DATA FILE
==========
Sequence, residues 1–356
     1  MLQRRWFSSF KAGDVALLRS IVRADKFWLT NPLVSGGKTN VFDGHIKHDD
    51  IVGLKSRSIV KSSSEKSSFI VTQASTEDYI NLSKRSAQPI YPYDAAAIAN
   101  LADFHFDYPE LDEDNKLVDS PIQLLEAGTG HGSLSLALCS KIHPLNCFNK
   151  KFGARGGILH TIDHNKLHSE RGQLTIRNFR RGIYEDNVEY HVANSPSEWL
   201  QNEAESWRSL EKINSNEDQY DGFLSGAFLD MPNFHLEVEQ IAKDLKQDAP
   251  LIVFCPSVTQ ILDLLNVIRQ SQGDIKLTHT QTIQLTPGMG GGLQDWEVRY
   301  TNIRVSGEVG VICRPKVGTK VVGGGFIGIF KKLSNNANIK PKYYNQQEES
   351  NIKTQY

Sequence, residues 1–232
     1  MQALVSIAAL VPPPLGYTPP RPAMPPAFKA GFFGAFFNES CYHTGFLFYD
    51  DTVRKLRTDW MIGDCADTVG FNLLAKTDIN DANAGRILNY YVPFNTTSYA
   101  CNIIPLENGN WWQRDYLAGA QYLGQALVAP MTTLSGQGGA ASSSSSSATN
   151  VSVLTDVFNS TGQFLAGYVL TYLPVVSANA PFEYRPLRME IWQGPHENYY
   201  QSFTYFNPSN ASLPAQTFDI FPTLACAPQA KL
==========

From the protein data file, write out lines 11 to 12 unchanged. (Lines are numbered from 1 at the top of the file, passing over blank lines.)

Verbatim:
     1  MQALVSIAAL VPPPLGYTPP RPAMPPAFKA GFFGAFFNES CYHTGFLFYD
    51  DTVRKLRTDW MIGDCADTVG FNLLAKTDIN DANAGRILNY YVPFNTTSYA